Abdominal Aortic
Aneurysms

Never heard of an abdominal aortic aneurysm? Then listen up! The often fatal condition is on the rise across North America (largely because of early detection). To learn more, SheKnows.com chatted with Dr Tom Maldonado, a vascular surgeon at New York University’s Langone Medical Center, where he studies women and vascular disease.

Abdominal aortic aneurysm

Abdominal aortic aneurysm

SheKnows.com: Can you describe what an abdominal aortic aneurysm is?

Dr Tom Maldonado: An aneurysm is an enlarged portion of a weak area of an artery. Over time, blood flow can cause the weak area to bulge like a balloon. An abdominal aortic aneurysm occurs in the abdominal section of the aorta, the main blood vessel that carries blood away from the heart.

Women and abdominal aortic aneurysms

SheKnows.com: Are all women and men at risk of developing the condition? What are the risk factors?

Dr Tom Maldonado: Approximately 5 to 7 percent of adults over 60 are affected by abdominal aortic aneurysms. Although it appears to be twice as common in men than in women, the risk of rupture in women is actually fourfold that of men. When an abdominal aortic aneurysm ruptures, it carries a 75 to 90 percent mortality rate. Moreover, women appear to rupture at smaller size aneurysms and have worse outcomes than men with ruptured abdominal aortic aneurysm.

While only 2 to 3 percent of women appear to be affected by abdominal aortic aneurysm, age, smoking and heart disease are each associated with increased risk. When all three risk factors are present, the incidence of abdominal aortic aneurysm is as high as 7 percent. Smoking has been shown to be the single most important risk factor for women who develop abdominal aortic aneurysm. Other risk factors include hypertension, high cholesterol, obstructive pulmonary disease and family history.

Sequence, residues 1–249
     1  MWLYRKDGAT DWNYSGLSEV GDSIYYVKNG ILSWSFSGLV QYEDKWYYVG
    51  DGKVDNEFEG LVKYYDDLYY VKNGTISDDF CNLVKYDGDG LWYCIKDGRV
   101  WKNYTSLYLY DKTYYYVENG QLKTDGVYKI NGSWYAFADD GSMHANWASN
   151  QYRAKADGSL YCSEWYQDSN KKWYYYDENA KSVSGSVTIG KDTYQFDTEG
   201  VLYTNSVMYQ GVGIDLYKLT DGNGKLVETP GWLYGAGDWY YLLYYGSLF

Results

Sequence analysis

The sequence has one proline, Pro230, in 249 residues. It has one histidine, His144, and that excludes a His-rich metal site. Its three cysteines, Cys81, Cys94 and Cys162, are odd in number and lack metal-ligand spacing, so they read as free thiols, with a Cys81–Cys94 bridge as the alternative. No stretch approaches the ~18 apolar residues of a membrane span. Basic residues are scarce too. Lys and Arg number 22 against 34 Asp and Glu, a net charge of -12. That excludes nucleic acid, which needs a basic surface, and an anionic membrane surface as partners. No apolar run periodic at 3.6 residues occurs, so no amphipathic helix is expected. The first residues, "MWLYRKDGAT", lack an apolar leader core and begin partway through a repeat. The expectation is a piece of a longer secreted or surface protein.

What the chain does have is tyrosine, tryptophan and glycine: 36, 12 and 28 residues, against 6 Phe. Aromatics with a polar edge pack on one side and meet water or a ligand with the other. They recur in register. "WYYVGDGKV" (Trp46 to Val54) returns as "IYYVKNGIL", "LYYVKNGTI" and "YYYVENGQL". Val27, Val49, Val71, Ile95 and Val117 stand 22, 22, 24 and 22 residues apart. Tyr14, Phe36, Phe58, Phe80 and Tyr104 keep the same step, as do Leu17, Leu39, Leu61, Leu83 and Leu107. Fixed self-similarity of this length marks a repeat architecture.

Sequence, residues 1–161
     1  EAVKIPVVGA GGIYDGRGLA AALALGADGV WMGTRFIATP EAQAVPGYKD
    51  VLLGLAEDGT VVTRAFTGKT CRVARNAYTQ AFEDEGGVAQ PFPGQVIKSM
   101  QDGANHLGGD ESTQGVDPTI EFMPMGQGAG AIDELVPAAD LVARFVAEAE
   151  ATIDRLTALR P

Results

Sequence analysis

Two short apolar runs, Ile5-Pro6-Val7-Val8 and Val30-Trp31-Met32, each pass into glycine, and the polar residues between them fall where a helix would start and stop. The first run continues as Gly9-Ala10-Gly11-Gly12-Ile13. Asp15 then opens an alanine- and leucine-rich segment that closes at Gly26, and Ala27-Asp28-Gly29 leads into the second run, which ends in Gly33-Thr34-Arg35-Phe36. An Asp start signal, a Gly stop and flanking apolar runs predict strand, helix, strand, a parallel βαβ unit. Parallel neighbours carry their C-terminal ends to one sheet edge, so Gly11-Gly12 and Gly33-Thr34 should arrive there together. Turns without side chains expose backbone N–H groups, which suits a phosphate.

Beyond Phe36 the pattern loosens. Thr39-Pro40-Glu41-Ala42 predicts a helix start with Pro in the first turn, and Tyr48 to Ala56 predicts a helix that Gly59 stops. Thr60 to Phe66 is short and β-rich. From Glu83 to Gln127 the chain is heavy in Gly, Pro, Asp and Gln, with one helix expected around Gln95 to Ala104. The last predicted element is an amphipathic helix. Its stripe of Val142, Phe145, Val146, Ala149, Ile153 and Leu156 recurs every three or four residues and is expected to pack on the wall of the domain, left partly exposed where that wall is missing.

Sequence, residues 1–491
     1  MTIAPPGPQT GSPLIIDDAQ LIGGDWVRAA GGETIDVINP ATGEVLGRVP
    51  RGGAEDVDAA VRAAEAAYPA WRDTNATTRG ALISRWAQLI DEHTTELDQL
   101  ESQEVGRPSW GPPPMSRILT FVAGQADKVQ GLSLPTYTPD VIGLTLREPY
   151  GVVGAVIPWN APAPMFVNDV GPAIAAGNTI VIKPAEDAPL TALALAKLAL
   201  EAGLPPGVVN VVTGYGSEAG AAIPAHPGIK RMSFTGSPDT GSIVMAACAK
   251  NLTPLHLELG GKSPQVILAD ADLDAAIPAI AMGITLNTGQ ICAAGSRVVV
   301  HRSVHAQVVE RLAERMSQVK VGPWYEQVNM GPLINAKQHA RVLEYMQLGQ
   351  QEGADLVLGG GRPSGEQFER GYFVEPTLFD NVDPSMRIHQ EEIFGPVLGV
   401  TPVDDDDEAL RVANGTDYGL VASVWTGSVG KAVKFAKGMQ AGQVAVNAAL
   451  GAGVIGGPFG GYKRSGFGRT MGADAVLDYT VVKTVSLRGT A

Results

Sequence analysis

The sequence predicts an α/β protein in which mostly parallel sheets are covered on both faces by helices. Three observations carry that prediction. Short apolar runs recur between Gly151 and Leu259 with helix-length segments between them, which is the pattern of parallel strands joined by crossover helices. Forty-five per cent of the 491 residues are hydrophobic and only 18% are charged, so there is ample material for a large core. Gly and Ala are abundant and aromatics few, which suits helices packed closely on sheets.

There is a known genetic predisposition for abdominal aortic aneurysm formation. First-degree relatives are at increased risk. Anyone, male or female, with a sibling who has an abdominal aortic aneurysm has a fivefold risk.

People who are at risk need to be screened with a simple non-invasive ultrasound or sonogram. This should be done at age 60 in men and perhaps age 65 in women.

Symptoms of abdominal aortic aneurysms

SheKnows.com: Are there any symptoms associated with abdominal aortic aneurysm?

Dr Tom Maldonado: The vast majority of patients who have them have no symptoms at all. In fact, most abdominal aortic aneurysms are diagnosed as an incidental finding on an imaging study performed for some other reason. For instance, an ultrasound looking at the gall bladder or an MRI looking at the spine will pick up the abdominal aortic aneurysm. When patients become symptomatic they experience abdominal and/or back pain. This can be a sign of impending rupture and should be considered a medical emergency.

Treatment for abdominal aortic aneurysm

SheKnows.com: What can be done about abdominal aortic aneurysms?

Dr. Tom Maldonado: The aorta normally measures approximately 2 centimeters in diameter. When an abdominal aortic aneurysm grows to greater than 5 centimeters, the risk of rupture becomes significant and warrants intervention. Traditionally, abdominal aortic aneurysm was repaired using an open operation where the aorta was replaced with a polyester tube. This necessitated a five- to seven-day hospital stay and had a significant recovery period. More recently, abdominal aortic aneurysm can be repaired in a minimally invasive manner.

Learn more about abdominal aortic aneurysms and Dr Tom Maldonado at http://www.med.nyu.edu/people/maldot01.html.

Abdominal aortic aneurysm surgery

This 3D animation on abdominal aortic aneurysm surgery depicts the anatomy of the aorta and both the open and endovascular procedure for repairing an abdominal aortic aneurysm.

More on women and vascular disease

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